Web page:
We’ve been hearing for years that journalism is dead – and indeed, it’s bad news when there are websites devoted to tracking newspaper layoffs and the death of entire papers. Ann Handley and I are both veterans of the Boston Globe who have migrated into marketing (she’s now the Chief Content Officer at MarketingProfs). And though the profession of journalism has suffered in recent years, Handley told me during a recent interview at the New Media Expo that a dose of the journalistic mindset is exactly what marketers must embrace today to succeed.
“In an era where every brand is a publisher and a content creator, you have to have a point of view and a compelling voice. You have to know how to tell a story,” she told me. “Journalistic training gives you an ear for story; you learn how to draw a reader in. The biggest mistake companies make is not thinking about their reader first. There’s still the corporate voice –and the CEO loves it, but the customer doesn’t. You have to create content the customer will thank you for.”
Handley, the co-author (with C.C. Chapman) of Content Rules: How to Create Killer Blogs, Podcasts, Videos, Ebooks, Webinars (and More) That Engage Customers and Ignite Your Business, says “the notion of story is uncomfortable for businesses: they’re not trained in it.” But journalists are, and their ethos of “allowing customers to be the hero of the brand story” – a point echoed by author Jonah Sachs in my recent Forbes interview with him – can be valuable. (She cites Google’s minute-long “Parisian Love” video, which tells a long-distance love story through Google searches, as a prime example.)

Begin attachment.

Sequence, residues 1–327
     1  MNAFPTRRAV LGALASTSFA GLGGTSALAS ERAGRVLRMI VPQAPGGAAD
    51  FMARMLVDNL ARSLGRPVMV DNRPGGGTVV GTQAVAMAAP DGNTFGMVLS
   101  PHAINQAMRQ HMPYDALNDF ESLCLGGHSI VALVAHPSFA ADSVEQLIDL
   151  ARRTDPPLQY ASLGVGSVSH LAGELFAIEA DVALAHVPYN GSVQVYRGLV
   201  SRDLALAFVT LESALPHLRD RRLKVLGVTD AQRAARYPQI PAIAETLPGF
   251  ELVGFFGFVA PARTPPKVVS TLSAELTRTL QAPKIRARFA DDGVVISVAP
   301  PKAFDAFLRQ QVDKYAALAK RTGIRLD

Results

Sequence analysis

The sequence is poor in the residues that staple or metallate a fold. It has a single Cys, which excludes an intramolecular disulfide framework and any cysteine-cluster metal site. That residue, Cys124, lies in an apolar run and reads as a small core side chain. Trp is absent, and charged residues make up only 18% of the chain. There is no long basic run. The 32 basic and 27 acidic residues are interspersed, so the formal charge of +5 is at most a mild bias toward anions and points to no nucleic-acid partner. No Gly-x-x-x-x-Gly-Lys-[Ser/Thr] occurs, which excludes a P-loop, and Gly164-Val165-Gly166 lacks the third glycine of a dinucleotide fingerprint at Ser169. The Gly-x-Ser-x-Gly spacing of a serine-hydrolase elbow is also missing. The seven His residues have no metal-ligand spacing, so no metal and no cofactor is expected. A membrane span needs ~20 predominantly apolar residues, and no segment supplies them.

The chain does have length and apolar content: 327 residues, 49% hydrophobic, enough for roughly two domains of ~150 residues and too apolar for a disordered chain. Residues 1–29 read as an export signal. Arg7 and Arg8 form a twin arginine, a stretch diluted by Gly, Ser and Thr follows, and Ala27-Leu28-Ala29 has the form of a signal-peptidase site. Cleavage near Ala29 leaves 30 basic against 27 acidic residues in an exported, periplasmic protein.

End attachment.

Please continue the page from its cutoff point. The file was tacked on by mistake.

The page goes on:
Of course, “brand journalism” differs from traditional journalism in that it doesn’t profess objectivity. But it still must be authentic and truthful, because otherwise readers would immediately reject it. Citing former business reporter Jesse Noyes, who joined the company Eloqua as a “Corporate Reporter,” Handley says, “It’s clear who signs his paycheck, but there’s a journalistic sensibility.”
The format – blogging, podcasting, video – doesn’t matter as much as the quality of the content created, she says. With gatekeeper institutions less relevant these days, “the social piece is huge. It makes creating content that people want to share that much more important.” And to do that successfully, it’s time to start thinking like a journalist.
Does your brand embrace “brand journalism”? What’s worked for you, and what hasn’t?
This post originally appeared on the Forbes website on February 8, 2013.
Dorie Clark is CEO of Clark Strategic Communications and the author of Reinventing You: Define Your Brand, Imagine Your Future (Harvard Business Review Press, 2013). She is a strategy consultant who has worked with clients including Google, Yale University, and the Ford Foundation. Listen to her podcasts or follow her on Twitter.